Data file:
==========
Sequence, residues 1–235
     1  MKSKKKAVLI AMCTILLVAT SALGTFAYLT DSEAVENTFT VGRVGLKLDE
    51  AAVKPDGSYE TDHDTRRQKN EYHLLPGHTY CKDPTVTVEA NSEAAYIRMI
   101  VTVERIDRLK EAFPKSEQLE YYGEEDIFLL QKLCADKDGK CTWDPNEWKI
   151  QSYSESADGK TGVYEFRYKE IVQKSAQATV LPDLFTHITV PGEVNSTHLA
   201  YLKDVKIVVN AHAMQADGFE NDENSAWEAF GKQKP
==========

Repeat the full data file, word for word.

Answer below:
Sequence, residues 1–235
     1  MKSKKKAVLI AMCTILLVAT SALGTFAYLT DSEAVENTFT VGRVGLKLDE
    51  AAVKPDGSYE TDHDTRRQKN EYHLLPGHTY CKDPTVTVEA NSEAAYIRMI
   101  VTVERIDRLK EAFPKSEQLE YYGEEDIFLL QKLCADKDGK CTWDPNEWKI
   151  QSYSESADGK TGVYEFRYKE IVQKSAQATV LPDLFTHITV PGEVNSTHLA
   201  YLKDVKIVVN AHAMQADGFE NDENSAWEAF GKQKP